Wish I had gone now!


Some of Joshua Drummond’s tweets from Monckton’s Monday Night Waikato meeting. This was sponsored by the NZ Institute of International Affairs (Waikato Branch) – I think the support was purely local.

Of course, there was the usual cherry picking and misinformation

cakeburgerJoshua Drummond@cakeburger Drought’s nothing to worry about. That’s good. I think he should tell that to Waikato farmers. They’d laugh. #MoncktonLive
cakeburger Joshua Drummond@cakeburger Antarctic glaciers aren’t retreating, therefore glaciers aren’t retreating. #MoncktonLive

Is he still claiming he is a member of the House of Lords?

cakeburger Joshua Drummond@cakeburger I read the letter from the House of Lords at him. Audience: When did you write that? #MoncktonLive

cakeburger Joshua Drummond@cakeburger That was interesting. He didn’t like being told he wasn’t a member of the House of Lords. He says he is. #MoncktonLive

cakeburger Joshua Drummond@cakeburger .@ImperatorFish When I pressed him after event he refused to give yes or no, just repeated “learned opinion is that I am” #MoncktonLive

Seems much of the audience was pretty much in awe of the Potty Peer.What does this say about the members of the NZ Institute of International Affairs (Waikato Branch)? Is this a local libertarian coven?

cakeburger
Joshua Drummond@cakeburger Monkton on biofuels = mass death. Guy behind mutters “That’s the agenda. That’s the agenda.” #MoncktonLive

cakeburger
Joshua Drummond@cakeburger Audience member to me, after #MoncktonLive “I was very disappointed with your disrespect towards Lord Monckton.”

cakeburger
Joshua Drummond@cakeburger Things just got VERY shouty. At me, again. Now I know how poor Richard Prosser feels #MoncktonLive

This final drama sounds intriguing. Would love to see a video. or perhaps a circus presentation by clowns.

cakeburger
Joshua Drummond@cakeburger #MoncktonLive Got a brief 1-on-1 with the man himself. Ended with him grabbing my laptop, me saying “No, MY laptop. Mine. Mine.” #TrueStory

cakeburger
Joshua Drummond@cakeburger Final #MoncktonLive: Monckton says to security guard “Please escort this man [me] from the premises”.

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What is global temperature?

When I write here about climate change you can be sure one or more trolls will pop up and tell me about the snow in the UK. Or accuse scientists of relying on this year’s New Zealand drought in their claims of climate change. It seems surprising that no matter how many times we point out the climate is not the same as weather, and global climate change is not the same as local or regional weather, some people seem to think such arguments are valid.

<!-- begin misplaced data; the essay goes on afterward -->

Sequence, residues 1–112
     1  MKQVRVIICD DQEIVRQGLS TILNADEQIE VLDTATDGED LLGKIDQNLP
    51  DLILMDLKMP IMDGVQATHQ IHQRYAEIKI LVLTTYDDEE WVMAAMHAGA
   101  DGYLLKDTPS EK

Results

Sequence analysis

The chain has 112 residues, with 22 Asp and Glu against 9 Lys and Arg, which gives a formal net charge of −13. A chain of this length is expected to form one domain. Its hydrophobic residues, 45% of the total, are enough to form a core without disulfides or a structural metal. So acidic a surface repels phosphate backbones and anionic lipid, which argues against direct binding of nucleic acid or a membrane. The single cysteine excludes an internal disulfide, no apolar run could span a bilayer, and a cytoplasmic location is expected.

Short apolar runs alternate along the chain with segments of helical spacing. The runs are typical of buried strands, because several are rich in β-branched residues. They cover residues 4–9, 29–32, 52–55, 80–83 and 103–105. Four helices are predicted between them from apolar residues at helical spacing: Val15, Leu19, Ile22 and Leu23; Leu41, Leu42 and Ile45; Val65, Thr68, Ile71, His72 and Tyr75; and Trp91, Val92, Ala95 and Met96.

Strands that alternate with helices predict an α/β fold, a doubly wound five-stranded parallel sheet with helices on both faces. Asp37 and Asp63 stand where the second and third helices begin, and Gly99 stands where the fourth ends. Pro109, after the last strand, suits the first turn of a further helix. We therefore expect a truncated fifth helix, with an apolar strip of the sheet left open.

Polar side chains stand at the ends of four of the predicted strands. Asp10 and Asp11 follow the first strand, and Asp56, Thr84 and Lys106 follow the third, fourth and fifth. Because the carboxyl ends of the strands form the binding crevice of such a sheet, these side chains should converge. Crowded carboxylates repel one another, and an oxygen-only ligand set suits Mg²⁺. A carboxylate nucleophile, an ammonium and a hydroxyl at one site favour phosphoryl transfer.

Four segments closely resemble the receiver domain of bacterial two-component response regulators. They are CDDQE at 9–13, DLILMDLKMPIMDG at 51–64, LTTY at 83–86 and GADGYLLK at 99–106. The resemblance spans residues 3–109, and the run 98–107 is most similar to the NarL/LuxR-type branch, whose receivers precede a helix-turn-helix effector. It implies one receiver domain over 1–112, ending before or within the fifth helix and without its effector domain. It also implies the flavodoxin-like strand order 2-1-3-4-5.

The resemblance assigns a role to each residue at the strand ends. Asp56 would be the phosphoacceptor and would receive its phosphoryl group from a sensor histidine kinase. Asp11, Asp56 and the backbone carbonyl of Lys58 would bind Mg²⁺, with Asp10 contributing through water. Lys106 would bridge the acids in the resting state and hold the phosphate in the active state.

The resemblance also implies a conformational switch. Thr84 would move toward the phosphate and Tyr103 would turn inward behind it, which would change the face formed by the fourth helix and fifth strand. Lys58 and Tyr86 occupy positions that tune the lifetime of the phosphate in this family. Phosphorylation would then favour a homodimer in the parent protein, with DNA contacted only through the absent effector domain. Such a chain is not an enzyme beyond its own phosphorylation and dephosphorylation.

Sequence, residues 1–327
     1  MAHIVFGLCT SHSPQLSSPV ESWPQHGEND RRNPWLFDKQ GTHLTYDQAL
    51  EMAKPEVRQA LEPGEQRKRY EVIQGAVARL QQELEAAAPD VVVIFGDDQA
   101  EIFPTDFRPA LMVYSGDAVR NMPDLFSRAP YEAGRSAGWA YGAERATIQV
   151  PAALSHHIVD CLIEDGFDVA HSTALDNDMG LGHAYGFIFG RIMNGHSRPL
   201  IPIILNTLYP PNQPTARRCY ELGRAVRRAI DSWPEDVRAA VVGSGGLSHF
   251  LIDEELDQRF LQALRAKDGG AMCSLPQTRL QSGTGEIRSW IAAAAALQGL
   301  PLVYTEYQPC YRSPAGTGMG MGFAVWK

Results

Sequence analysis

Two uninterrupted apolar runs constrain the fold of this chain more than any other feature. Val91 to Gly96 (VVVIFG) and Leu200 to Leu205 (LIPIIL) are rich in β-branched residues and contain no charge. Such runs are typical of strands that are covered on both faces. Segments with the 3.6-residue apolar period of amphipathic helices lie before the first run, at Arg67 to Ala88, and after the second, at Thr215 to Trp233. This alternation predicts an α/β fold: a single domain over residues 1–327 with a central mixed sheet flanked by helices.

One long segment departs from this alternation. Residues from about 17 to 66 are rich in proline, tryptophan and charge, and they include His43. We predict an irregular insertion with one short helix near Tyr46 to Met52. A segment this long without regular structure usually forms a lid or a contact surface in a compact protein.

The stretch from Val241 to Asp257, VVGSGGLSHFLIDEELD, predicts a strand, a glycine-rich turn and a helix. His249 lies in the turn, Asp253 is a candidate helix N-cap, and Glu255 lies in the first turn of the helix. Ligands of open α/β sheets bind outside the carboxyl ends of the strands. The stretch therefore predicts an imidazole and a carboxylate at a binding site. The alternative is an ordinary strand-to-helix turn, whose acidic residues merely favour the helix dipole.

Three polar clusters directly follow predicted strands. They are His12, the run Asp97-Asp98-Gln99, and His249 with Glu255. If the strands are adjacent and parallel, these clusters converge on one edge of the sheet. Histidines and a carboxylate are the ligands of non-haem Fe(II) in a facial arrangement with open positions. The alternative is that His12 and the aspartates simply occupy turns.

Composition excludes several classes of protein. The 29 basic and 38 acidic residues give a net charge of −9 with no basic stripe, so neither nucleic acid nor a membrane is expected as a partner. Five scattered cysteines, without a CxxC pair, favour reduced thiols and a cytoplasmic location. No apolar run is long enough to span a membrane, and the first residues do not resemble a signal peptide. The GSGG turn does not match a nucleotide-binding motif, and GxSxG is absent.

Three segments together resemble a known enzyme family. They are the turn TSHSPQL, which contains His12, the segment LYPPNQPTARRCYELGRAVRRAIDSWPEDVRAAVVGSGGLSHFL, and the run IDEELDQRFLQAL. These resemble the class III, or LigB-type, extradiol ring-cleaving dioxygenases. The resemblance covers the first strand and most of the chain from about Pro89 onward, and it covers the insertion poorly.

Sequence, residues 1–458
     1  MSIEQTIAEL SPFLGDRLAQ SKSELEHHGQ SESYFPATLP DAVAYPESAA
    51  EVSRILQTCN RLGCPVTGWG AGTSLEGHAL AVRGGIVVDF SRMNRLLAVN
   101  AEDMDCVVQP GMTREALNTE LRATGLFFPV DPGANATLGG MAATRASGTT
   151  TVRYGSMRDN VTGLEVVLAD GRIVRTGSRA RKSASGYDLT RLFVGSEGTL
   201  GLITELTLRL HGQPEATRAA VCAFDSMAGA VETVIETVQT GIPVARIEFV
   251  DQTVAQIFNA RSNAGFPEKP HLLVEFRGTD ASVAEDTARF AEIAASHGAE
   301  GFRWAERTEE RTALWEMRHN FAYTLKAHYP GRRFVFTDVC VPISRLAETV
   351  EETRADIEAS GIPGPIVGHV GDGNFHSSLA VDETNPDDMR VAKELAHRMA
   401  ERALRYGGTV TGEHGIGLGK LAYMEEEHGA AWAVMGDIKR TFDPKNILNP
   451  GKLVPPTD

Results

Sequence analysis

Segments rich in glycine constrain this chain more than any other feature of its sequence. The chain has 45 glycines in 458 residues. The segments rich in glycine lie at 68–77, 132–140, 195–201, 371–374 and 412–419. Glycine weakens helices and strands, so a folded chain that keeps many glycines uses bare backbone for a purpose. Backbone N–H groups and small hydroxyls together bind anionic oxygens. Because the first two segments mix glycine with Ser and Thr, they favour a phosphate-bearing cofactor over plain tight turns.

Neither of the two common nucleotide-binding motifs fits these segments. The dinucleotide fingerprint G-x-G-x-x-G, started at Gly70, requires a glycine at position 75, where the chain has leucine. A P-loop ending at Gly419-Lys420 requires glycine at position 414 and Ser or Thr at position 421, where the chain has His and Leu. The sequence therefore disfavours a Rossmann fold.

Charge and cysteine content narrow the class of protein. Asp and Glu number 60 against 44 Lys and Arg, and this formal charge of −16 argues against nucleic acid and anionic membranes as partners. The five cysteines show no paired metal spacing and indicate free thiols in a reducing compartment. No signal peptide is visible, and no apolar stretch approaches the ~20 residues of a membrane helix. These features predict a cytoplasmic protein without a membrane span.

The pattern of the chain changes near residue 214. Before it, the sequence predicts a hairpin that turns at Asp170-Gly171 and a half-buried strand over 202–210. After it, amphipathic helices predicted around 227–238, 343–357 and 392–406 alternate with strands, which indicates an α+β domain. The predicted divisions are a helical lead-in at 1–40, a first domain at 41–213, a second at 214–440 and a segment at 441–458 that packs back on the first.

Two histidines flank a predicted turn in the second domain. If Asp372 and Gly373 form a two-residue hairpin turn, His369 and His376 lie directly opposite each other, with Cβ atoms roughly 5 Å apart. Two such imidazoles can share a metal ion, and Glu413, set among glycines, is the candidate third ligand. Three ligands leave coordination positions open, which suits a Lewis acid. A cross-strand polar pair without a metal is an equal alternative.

I have illustrated the difference before here – but here’s another example I picked up from Real Climate (see Response by Marcott et al.). The illustration is in response to the question of what is meant by global Temperature. Here’s what they say:

“Global average surface temperature is perhaps the single most representative measure of a planet’s climate since it reflects how much heat is at the planet’s surface. Local temperature changes can differ markedly from the global average. One reason for this is that heat moves around with the winds and ocean currents, warming one region while cooling another, but these regional effects might not cause a significant change in the global average temperature. A second reason is that local feedbacks, such as changes in snow or vegetation cover that affect how a region reflects or absorbs sunlight, can cause large local temperature changes that are not mirrored in the global average. We therefore cannot rely on any single location as being representative of global temperature change. This is why our study includes data from around the world.

We can illustrate this concept with temperature anomaly data based on instrumental records for the past 130 years from the National Climatic Data Center (http://www.ncdc.noaa.gov/cmb-faq/anomalies.php#anomalies). Over this time interval, an increase in the global average temperature is documented by thermometer records, rising sea levels, retreating glaciers, and increasing ocean heat content, among other indicators. Yet if we plot temperature anomaly data since 1880 at the same locations as the 73 sites used in our paleotemperature study, we see that the data are scattered and the trend is unclear. When these same 73 historical temperature records are averaged together, we see a clear warming signal that is very similar to the global average documented from many more sites (Figure 1). Averaging reduces local noise and provides a clearer perspective on global climate.”

ProxySites_vs_Global1-1024x907

Temperature anomaly data (thin colored lines) at the same locations as the 73 paleotemperature records used in Marcott et al. (2013), the average of these 73 temperature anomaly series (bold black line), and the global average temperature from the National Climatic Data Center blended land and ocean dataset (bold red line) (data from Smith et al., 2008).